American Airlines put the 737 MAX back into revenue service on December 29, 2020, on a flight from the beautiful sunswept shores of Miami to the frozen awfulness of New York’s LGA airport (yes yes I know they have a new terminal building and it’s supposed to be great but it’ll always be awful to me).  I had many friends on that flight and wasn’t worried about them at all.  Why?  Because I had flown it myself a few weeks before and spoke with pilots who had worked with Boeing directly to get the MAX back in the skies.  To sum up my review of the flight: it was a normal, regular flight…and that was the point.

My buddy Tom Pallini over at Business Insider recently posted an article with a headline that sparked a bit of furor in the frequent flyer community: I flew on American’s Boeing 737 Max and found the airline doing the bare minimum to inform passengers they were booked on the notorious plane.  Disregarding the headline (likely written by an editor), I gave it a read and wanted to give my thoughts.


To what lengths should airlines go to inform customers they are flying on a 737 MAX?

Tom did a great job of pointing out the different places you could see the aircraft type when booking a ticket on American.  I simulated my own booking to show you the various places you can see the aircraft type on which you’re booking:

On the search results page:

On the seat selection page:

On the trip summary page:

And then in the app once you’ve made your booking:

As Tom discovered, the airplane type is even listed on the gate screens at many American hubs, but that depends on the airport.

The biggest difference is between American and United.  If you book a flight on a MAX on United, you’ll largely see the MAX in the same places as American:

On the booking page (ahem, notice they recommend you fly on the MAX):

But when you get to the review trip itinerary page, you’ll see the following notification:

I haven’t spoken with anyone who flew on the United MAX since its return to service a little over a week ago but I imagine the airport experience was largely the same as American.  The only onboard difference would be American using a standard 737 safety card while United has a specific safety card for the MAX.

So let’s get back to the question: to what lengths should airlines go to inform you you’re flying on a MAX?  My opinion: they should treat the MAX no differently than any other aircraft type.


The 737 MAX is an inevitability

The MAX is the fastest- and best-selling plane in history.  Yes, it was grounded for two years, but it’s been certified as safe to fly by pretty much every governing body.  It’s going to be hard to avoid the MAX forever.  As I discussed in my article on consumer behavior we learned about during COVID, American has a policy that if a customer does not feel comfortable flying the MAX, they can be rebooked for free…but nobody is really asking to be rebooked.

Now, if an American agent ran through the gate area screaming “OMG THIS FLIGHT IS ON A 737 MAX YES THE SAME ONE THAT CRASHED TWICE TWO YEARS AGO BECAUSE OF A SOFTWARE FAULT THAT HAS SINCE BEEN REPLACED AND CERTIFIED BY EVERY GOVERNING AVIATION AUTHORITY AHHHHHHHHHHH” then I imagine more people would rebook, but I don’t think that’s realistic.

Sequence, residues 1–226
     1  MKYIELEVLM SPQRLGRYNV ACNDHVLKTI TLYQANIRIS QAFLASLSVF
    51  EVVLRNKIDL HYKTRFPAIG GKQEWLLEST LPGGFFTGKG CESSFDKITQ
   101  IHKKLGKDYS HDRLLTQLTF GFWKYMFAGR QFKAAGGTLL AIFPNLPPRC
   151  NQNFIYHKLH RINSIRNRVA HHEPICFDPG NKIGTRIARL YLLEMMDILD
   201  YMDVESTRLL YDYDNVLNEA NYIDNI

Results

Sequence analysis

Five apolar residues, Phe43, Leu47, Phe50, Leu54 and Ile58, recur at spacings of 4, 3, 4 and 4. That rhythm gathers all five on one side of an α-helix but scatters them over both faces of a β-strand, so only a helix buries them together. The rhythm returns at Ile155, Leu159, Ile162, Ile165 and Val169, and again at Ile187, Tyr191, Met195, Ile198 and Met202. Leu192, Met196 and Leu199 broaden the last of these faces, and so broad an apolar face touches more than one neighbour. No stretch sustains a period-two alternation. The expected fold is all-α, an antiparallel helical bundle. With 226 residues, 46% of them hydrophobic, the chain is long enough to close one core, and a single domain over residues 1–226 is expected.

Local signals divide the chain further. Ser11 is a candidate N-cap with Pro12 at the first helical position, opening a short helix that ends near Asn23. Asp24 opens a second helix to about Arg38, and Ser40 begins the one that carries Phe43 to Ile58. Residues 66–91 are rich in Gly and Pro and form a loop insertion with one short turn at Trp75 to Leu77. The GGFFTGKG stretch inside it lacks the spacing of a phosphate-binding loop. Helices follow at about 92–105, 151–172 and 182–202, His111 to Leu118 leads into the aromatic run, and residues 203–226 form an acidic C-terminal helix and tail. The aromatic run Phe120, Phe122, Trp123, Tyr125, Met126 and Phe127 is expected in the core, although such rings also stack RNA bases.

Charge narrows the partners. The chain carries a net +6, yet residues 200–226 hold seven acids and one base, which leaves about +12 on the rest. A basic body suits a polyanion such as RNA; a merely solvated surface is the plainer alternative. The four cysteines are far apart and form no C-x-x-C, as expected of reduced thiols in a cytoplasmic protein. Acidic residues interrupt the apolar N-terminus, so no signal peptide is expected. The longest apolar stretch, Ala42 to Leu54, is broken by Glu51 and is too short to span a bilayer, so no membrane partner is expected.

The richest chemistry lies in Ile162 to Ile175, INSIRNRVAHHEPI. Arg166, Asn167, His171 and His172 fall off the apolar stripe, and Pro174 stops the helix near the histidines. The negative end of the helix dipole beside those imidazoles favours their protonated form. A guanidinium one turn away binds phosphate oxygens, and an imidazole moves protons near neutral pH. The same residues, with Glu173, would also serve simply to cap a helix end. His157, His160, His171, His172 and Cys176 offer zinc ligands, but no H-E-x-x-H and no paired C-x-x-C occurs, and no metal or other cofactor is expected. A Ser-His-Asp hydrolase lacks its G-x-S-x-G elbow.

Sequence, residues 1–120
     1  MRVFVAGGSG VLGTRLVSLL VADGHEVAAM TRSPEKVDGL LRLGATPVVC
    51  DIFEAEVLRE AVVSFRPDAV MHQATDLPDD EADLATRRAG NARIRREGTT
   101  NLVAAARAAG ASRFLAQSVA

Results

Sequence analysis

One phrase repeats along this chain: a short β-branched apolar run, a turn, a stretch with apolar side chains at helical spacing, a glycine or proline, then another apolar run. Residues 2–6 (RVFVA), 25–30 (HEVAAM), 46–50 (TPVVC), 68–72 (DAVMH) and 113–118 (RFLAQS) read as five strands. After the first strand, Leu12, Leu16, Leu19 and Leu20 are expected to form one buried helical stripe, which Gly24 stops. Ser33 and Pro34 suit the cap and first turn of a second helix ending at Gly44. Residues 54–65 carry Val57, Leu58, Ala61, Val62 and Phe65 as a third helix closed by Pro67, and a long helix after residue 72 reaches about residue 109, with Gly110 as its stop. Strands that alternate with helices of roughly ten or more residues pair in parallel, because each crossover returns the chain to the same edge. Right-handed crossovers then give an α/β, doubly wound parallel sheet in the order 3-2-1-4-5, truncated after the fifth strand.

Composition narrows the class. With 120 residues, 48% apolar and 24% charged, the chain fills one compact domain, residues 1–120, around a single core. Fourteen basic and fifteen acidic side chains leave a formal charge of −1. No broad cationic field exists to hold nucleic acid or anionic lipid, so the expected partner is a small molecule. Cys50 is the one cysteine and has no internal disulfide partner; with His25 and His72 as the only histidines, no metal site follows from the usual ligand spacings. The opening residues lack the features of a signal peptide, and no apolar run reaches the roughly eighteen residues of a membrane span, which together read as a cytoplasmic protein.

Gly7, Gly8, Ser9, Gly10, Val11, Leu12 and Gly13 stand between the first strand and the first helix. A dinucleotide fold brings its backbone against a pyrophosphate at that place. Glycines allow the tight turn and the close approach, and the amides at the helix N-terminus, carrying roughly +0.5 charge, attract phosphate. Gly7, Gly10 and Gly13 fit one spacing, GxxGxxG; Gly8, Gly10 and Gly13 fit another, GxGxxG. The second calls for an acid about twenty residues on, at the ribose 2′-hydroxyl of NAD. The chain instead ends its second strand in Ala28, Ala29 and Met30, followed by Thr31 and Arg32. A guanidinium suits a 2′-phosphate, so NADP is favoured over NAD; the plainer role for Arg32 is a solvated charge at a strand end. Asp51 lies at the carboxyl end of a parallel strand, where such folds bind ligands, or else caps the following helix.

Airlines are in the business of safely flying passengers and cargo from one place to another.  If an airline was forced to aggressively warn you when boarding a jet that had previously crashed, American, for example, would be required to inform you before every flight on every aircraft except the 787.  That’s not fair to the airline and not fair to the consumer.  Flying is safe.  If you train customers to be scared before boarding a flight, they’re going to be scared the entire flight and panic every time they fly through turbulence or anything sounds different.

The 737 MAX is going to be impossible to avoid, and, if you don’t pay attention, you likely won’t even realize you’re flying on one.  The much bigger story is American/United’s compressed interior with no seatback screens, honestly (although they do have phone/tablet holders).

It’s up to each one of us to take responsibility for our flying experience

I get it.  I’m a nervous flyer.  I know that sounds ridiculous as I’ve regularly flown more than 200,000 miles a year, but yes I’m a nervous flyer.  I hate turbulence.  I hate random changes in direction after MH370.  I hate climbing out of a storm after AF447.  But if there’s an aircraft type I would rather not fly, you can be certain I’m going to check the aircraft type myself before ever booking it.  

I don’t think it’s on American nor United to do more than they’re doing.  By treating the 737 MAX like they would any other plane type, eventually customers will as well.  Some customers will never fly a MAX again, and that’s ok.  I’m not judging anyone who refuses to fly the aircraft type.  I am saying, however, that it should be a personal decision made with the numerous places the airlines already inform you.


What do you think?  Would you ride the 737 MAX?  Should the airlines be required to tell you more?  Tell me in the comments below!

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